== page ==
Water, salt, baking soda, dry brushing, hydrogen peroxide, & more
Healthier ways to brush your teeth
If you have read or already know about the various more or less serious health hazards lurking in commercial toothpastes, you may want to start using non-toxic alternatives which don't damage your teeth, gums and/or health and (as has happened to others) might actually reverse existing cavities or other damages to your teeth and gums.
Such alternatives include plain water, salt, baking soda (sodium bicarbonate), dry brushing, hydrogen peroxide, MMS, self-made toothpaste based on healing earth (white clay), soap, tooth powder and more.
Ironically, according to several more or less "expert" (incl. a dentist's) opinions I have read, toothpaste is actually not necessary to allow teeth to be properly clean. According to this school of thought, the important thing to help your teeth stay healthy is a good toothbrush combined with proper brushing and flossing, and - apart from any benefits derived for instance from any herbal extracts included - basically, toothpaste provides a pleasant sensation in the mouth. As you will see, I somewhat disagree...
"Dry brushing" is brushing without any toothpaste using a dry toothbrush (but possibly salt and baking soda). Dry brushing is credited with several dental health and healing benefits, including being a very effective bacterial plaque remover, reducing gum bleeding due to gingivitis etc., and this testimonial also reports a tooth-whitening effect.
According to Prevention magazine (September 1997), a study performed with 128 test persons over a six-month period found that thanks to dry-brushing, bacterial plaque build-up on their back teeth dropped by 67% compared with their plaque deposits measured at the beginning of the study. They also showed a 50% reduction in gum bleeding.
According to the same source, one should dry-brush for about 90 seconds using a soft, dry toothbrush (compared to a moistened brush, a dry one appears to more effectively remove plaque build-up). If your toothbrush's bristles feel stiff, run your finger through them before starting the brushing process. Begin on the inner surfaces of your lower teeth, continue with those of your upper teeth and finish by brushing the outer surfaces.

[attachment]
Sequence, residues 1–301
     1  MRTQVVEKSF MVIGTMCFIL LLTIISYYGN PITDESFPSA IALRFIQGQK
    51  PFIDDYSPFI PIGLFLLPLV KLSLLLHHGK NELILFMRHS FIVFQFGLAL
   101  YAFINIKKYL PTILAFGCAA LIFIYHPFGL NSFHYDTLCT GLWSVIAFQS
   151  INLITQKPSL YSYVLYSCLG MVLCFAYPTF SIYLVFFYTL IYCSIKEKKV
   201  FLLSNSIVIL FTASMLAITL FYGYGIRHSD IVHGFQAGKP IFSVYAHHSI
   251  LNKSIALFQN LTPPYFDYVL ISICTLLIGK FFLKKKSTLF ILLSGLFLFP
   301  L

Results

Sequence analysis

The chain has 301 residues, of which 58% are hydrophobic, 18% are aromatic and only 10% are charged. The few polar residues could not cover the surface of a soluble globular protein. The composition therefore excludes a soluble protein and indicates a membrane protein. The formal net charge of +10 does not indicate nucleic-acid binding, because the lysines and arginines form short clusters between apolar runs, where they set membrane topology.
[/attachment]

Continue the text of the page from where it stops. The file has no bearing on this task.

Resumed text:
Using plain water
While using water may be preferable over using toothpastes laden with any of the above and is one of the things advised by "toxin expert" Dr. Hulda Clark in her book The Cure For All Diseases, for maximising the beneficial effects of your toothbrushing sessions I think it's best to add some (or several) of the items listed in the following (as well as other natural, herbal etc. items you feel drawn to use or experiment with).
... are two indispensable, inexpensive and time-honoured mainstays in natural tooth care, treatment and healing (compare for instance salt water toothache remedy). Among other things, salt makes you salivate, with the saliva said to create a natural antibacterial protection for the tooth enamel, and sodium being an alkaline mineral, both salt and (particularly) baking soda help to alkalise your saliva, a welcome trait for most.
Also compare this very interesting, in fact revealing testimonial about the cavity-healing effect of discontinuing commercial fluoride toothpaste and replacing it with salt water brushing and a salt rinse (waterpik), as well as the highly impressive testimonial "pain under crown gone" featured (as report number 10) under Healing reports & testimonials re the use of xylitol sugar (this person used a salt and baking soda mixture for brushing plus xylitol rinses).
If at all possible, only use sea salt or other natural "full-spectrum" salt containing all the minerals and trace elements and no additives.
A little caveat from Dr. Hulda Clark who also recommends using salt (as salt water) but adds that "Salt is corrosive—don't use it for brushing metal teeth [i.e. teeth with metal fillings, crowns etc.]". German toxicity expert Prof. Max Daunderer adds that amalgam from dental fillings is corroded by fluorine (including from fluoridated salt and toothpaste) and by iodised salt, but does not refer to unadulterated salt as an amalgam corrosive agent.
Also people with exposed tooth necks (sensitive teeth) may possibly find they react with pain to salt application.
Much more on using baking soda as toothpaste replacement, tooth powder etc. in Baking soda (sodium bicarbonate) in dental & other applications.
Natural soap or special tooth soap
Tooth powder has been used in earlier times and made from various herbal and other substances, and still seems to be widely used in countries such as India. See details for making your own tooth paste or powder.
Tooth powder, commercial
(ready-made medicinal herb formulas etc.)
If you decide on using any commercial tooth powder, I would make sure it is made from all natural ingredients. There are a number of brands of toothpowder on offer, often with widely varying ingredients, incl. powders based on ground charcoal and red pepper (capsicum).
Good tooth/gum powders both self-made and store-bought can be highly therapeutic, among other cure reports, see this powerful gum healing testimonial involving herbal toothpowders which helped to quickly erase all symptoms of chronic periodontitis after several teeth had already been lost. For ready-made tooth/gum powders, also compare Herbal, plant-derived and similar products that may help with teeth and/or gum problems.